Manipulating the Genetic Material of a Living Organism

Genome editing, also known as gene editing, is the manipulation of the genetic material of a living organism by deleting, replacing, or inserting a DNA sequence, typically with the aim of improving a crop or farmed animal. It has more recently been used in humans. CRISPR-Cas9 is the most recent revolutionary technology that's making gene editing possible, with incredible results.

Plants, animals, and microorganisms like bacteria that have been genetically engineered are termed genetically modified organisms (GMOs). If the genetic material introduced to the host is from an organism that normally would not be able to breed with the host species, the new organism is called transgenic.

There are two ways that gene editing can be carried out. Genes and chromosomes mutate in one of two ways. One way is somatic mutation, which occurs in a single body cell and cannot be inherited (only tissues derived from the mutated cell are affected). The second way is germline mutations, which occur in gametes (reproductive cells) and can be passed to offspring (every cell in the entire organism will be affected). Genetic engineers choose the gene they want to insert into the target organism. Next, they isolate the gene and purify the DNA. The purified DNA is either cut into segments to remove traits or amplified (reproduced) as it is. This DNA is then inserted into a bacterium along with other genetic material, such as promoters and terminators, to initiate and stop the genes' reproduction. Researchers also insert genetic markers to help determine which cells have been successfully transformed. The bacterium containing the new DNA is then inserted into the target, or host, and then reproduced. Techniques to modify DNA in the genome have existed for several decades, but the conversation about the science and ethics of genome editing has grown louder due to faster, cheaper, and more efficient technologies.

Selective breeding, or artificial selection (dog breeding, animal husbandry, etc.), has been used by humans for thousands of years. More recently, mutation breeding uses exposure to radiation or chemicals to produce a high frequency of random mutations for selective breeding purposes.

Gene editing technology can be used to create “gene drives” that ensure a genetic modification will be inherited by all the offspring, spreading throughout an animal population over several generations. There are many advantages to this “godlike” technology.

For example, exotic pet breeding and faster racehorses are now possible. This technology also enables designer babies whose genetic makeup has been selected in order to eradicate particular defects, or to ensure that a particular gene is present. Just like an Amazon shopping cart, theoretically one could preselect hair color, eye color, height, half human/half horse—anything is possible.

One of the most fascinating use cases of gene editing is its capabilities in medicine. In this industry, genetic engineering is used for mass production of insulin, mass production of human growth hormones, mass production of a specific protein or enzyme, treating infertility, production of antibodies, increasing the success of organ transplantation, and the production of food supplements and foods like cheese. And that's just the beginning!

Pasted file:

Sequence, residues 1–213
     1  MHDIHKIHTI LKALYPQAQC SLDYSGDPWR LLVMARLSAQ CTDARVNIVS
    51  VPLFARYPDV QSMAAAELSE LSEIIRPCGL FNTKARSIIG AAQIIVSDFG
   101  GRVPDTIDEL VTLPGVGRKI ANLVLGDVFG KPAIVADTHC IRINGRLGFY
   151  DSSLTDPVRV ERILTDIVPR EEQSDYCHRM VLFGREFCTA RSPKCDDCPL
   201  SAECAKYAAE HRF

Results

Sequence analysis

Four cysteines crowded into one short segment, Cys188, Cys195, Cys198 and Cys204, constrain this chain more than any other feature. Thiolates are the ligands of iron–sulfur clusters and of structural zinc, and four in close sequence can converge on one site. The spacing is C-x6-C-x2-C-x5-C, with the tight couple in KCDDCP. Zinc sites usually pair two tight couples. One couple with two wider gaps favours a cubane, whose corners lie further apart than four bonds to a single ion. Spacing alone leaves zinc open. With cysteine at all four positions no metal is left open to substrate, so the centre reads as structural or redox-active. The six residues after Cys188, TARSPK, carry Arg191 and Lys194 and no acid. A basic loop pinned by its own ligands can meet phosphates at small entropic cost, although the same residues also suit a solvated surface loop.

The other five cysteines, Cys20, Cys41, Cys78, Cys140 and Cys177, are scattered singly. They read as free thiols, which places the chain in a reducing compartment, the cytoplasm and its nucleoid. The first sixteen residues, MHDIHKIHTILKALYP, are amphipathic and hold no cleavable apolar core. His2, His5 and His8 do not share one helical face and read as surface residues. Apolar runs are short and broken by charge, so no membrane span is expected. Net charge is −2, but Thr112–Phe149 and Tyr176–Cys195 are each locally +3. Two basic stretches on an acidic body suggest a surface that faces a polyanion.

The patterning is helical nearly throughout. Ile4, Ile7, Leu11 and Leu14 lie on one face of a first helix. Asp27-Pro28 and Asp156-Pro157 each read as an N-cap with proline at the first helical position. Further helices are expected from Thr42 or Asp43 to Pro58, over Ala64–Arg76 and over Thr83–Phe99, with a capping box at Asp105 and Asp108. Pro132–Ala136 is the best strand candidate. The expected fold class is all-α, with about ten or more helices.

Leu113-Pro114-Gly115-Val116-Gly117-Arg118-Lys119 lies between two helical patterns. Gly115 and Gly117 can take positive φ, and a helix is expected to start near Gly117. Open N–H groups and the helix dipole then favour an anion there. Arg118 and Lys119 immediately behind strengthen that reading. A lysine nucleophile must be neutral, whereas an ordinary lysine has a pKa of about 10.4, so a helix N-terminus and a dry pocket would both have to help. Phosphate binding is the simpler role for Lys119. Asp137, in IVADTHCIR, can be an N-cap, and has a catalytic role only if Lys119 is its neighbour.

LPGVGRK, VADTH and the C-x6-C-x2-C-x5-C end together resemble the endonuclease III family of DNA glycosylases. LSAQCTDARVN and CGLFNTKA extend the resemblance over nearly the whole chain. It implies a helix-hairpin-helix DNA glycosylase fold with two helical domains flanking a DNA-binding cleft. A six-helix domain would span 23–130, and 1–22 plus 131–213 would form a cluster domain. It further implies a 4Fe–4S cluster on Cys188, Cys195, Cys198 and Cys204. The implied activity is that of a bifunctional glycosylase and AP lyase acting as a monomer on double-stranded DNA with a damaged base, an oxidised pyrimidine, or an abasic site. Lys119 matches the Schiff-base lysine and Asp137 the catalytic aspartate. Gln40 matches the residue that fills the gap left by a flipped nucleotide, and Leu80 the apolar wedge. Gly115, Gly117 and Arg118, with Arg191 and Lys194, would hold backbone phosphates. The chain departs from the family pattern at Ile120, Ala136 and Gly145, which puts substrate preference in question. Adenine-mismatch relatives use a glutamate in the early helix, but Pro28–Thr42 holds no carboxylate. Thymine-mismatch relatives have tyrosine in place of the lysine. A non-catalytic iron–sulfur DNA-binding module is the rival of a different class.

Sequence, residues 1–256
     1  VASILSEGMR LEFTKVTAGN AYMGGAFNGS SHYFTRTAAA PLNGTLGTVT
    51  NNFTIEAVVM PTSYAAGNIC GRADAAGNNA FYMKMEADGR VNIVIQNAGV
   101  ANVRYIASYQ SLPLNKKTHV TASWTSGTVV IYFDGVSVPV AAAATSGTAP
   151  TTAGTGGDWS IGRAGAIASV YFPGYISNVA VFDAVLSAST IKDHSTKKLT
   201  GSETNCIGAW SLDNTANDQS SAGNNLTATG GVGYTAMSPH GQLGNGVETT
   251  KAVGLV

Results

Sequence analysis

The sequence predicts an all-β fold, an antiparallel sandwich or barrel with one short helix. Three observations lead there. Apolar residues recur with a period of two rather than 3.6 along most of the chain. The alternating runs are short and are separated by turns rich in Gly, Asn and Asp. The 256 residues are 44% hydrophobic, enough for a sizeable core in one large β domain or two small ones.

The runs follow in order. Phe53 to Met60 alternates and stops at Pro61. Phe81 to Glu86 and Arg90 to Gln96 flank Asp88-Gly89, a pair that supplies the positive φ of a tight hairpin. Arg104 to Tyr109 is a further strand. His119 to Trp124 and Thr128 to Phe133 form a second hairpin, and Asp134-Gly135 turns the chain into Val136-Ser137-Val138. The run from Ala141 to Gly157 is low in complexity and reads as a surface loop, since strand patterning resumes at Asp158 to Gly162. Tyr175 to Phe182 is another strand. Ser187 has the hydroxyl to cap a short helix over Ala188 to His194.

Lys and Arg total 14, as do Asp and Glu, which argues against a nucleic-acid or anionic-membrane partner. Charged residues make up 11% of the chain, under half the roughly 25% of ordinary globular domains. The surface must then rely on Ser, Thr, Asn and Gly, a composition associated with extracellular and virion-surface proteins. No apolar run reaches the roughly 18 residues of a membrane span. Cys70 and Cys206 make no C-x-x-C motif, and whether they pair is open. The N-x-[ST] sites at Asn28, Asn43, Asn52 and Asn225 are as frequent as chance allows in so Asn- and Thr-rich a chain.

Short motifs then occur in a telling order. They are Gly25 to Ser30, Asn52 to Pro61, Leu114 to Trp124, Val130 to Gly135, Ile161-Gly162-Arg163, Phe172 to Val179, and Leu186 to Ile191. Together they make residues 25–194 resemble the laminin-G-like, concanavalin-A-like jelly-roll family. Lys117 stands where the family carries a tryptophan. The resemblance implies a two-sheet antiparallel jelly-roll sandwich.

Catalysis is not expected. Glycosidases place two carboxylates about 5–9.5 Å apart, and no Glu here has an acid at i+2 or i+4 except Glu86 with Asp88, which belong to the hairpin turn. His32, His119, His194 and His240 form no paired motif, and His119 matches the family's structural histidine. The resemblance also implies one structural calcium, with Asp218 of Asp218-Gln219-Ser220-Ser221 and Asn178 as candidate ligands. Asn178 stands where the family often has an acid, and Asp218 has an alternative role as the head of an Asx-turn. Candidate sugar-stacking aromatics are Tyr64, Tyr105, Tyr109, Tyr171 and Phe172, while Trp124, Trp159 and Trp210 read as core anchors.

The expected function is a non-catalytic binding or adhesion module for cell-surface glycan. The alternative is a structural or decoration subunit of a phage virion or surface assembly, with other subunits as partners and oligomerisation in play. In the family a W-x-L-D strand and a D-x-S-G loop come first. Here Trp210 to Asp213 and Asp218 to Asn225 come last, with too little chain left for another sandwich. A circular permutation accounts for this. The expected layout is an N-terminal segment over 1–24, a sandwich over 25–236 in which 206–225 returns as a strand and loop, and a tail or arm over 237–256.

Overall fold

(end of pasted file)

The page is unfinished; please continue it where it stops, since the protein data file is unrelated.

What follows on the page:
There are many ethical, social, ecological, and economic concerns over gene editing and its use cases. As with many new technologies, there is concern that genome editing will only be accessible to the wealthy and will increase existing disparities in access to healthcare and other interventions. Some worry that taken to its extreme, gene editing could create classes of individuals defined by the quality of their engineered genome. That it could lead to a resurgence of the eugenics movement. Furthermore, folks in control of the technology could control the food supply with the use of intellectual property rights.

Safety concerns include the possibility of off-target effects (edits in the wrong place) and mosaicism (when some cells carry the edit but others do not), or even unexpected or harmful genetic changes and mutations. For example, an attempt to control or eradicate invasive species or pests such as the malaria-causing mosquito could lead to an accidental eradication of bees. Without bees, we have no pollination, which means no food. And lack of food would lead to the extinction of humanity.

Gene editing technology could theoretically be used to enhance, modify, or alter a human being's appearance, adaptability, intelligence, character, or behavior. It's not hard to imagine a dictator creating a rogue army that has been genetically modified not to have feelings. The 20th century was dominated by advances in physics that led to the development of the most destructive weapons humanity has ever created. Advances in biotechnology over the last few decades promise to make the same true for the 21st century. The biological revolution is set to produce tools that could be turned into weapons of war. Gene editing is the latest in a series of biological advances that will fundamentally change how humans live and die.